Astral Chain could be Platinum’s coolest game yet, but is that enough?

Astral Chain is the gaming equivalent of snowboarding while wearing sunglasses and posting an absolutely banging snarky tweet from your mobile. It simply oozes this kind of cool – look, I didn’t make the rules here – with its superstar developer line-up at Platinum having built up an anime-infused world of police, monsters and the decay of human society, and then wrapped it up with some of their trademark flashy and frenetic combat.

The only thing is that it doesn’t immediately appear to be that cool. You begin the game with a motorbike section that owes more to the PSP’s Pursuit Force (if you can remember such a thing) than it does Bayonetta, and when you eventually hit the ground you find yourself to be a meek and fairly mild police officer with a puny gun and a baton. Taking out the grotesque Aberrations that confront you isn’t even that easy, and that’s before you’re suddenly confronted by invisible Chimeras that you can’t even touch.


Fortunately, Astral Chain gets much, much cooler pretty quickly. You’re recruited/forced/the subject of nepotism into Neuron, a shady, basement-level police department that’s basically just become humanity’s last hope against this otherworldly threat. Neuron’s experimental raison d’etre is that they’ve found a way to capture and control Chimeras by tethering them to receptive police officers, and, surprise! You’re super receptive!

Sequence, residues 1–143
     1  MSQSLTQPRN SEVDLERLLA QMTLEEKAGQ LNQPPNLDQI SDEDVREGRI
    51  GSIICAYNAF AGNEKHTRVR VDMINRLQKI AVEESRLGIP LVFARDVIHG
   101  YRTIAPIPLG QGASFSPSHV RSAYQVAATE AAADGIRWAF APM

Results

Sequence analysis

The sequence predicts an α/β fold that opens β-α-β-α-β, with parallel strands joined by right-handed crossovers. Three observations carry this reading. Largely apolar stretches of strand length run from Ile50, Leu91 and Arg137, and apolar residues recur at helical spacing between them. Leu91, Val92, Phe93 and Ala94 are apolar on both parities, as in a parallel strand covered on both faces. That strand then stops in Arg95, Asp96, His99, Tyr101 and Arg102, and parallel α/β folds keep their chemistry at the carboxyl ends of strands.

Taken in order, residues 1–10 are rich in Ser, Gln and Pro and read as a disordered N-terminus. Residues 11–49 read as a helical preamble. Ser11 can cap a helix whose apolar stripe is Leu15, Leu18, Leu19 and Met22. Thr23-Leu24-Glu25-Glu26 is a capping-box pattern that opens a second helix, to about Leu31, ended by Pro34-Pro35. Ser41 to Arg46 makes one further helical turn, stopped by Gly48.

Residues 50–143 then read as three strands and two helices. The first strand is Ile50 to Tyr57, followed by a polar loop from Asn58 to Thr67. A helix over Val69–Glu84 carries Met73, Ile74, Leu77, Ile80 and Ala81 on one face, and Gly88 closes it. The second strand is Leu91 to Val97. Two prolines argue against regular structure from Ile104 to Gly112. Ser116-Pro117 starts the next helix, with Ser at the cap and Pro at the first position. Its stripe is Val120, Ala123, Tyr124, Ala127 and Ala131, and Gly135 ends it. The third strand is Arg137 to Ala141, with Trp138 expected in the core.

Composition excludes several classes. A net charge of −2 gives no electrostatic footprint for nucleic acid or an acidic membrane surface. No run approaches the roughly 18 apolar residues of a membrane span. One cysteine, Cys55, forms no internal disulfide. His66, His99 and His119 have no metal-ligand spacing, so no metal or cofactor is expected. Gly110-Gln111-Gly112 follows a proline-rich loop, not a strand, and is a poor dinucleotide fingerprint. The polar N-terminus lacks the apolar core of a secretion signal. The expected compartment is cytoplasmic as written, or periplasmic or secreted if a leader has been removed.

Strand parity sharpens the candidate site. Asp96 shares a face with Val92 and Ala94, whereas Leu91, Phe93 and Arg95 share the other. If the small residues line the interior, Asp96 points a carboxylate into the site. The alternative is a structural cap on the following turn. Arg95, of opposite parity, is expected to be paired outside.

So is your twin – presumably to make selecting what gender you pick have some thematic value. You can change a few visual parameters like skin colour and hair style of whichever sibling you’ve picked to make them feel a bit more like yours, but largely they’re your classic anime game silent protagonist, just with a monster chained to them. Masakazu Katsura – creator of the Zetman manga – is responsible for the character designs, and the wider cast have a similar appeal, drawing you into this incredible world.

Astral Chain itself looks and feels like the action hybrid sibling of Monolith Soft’s Xenoblade Chronicles 2, with the tethering between character and living weapon almost a direct match. That’s hardly a negative – Xenoblade 2 is among the best games on the Switch – but it takes away some of what would otherwise feel pretty damn unique about the game.

When you take the controls though, it’s clear that there are some significant differences. This is a Platinum game after all. Your tethered Chimera – known as a Legion – can be called upon whenever you need to battle, like a horrible, writhing, steroid-infused Pokémon. They’ll actually attack anything nearby quite happily if you let them, but the most interesting stuff happens if you take control of them. It takes some getting used to, as you’re still in charge of your main character’s attacks and dodging, but if you hold the ZL button you can move your Legion around and send them after whoever most needs stabbing by a vicious beast.

You can also do a couple of interesting things with the chain connecting you together. If you have your Legion wrap their chain around an enemy – think a monster-shaped version of Wedge Antilles’ Snowspeeder taking down an AT-AT – they’ll become tethered in place for a short time, giving you the chance to wallop them without any chance of comeuppance until they break free. You can also use your chain to bounce a charging enemy backwards by catching them between yourself and your Legion, which again gives you a few sweet sweet seconds to dole out a fistful of damage.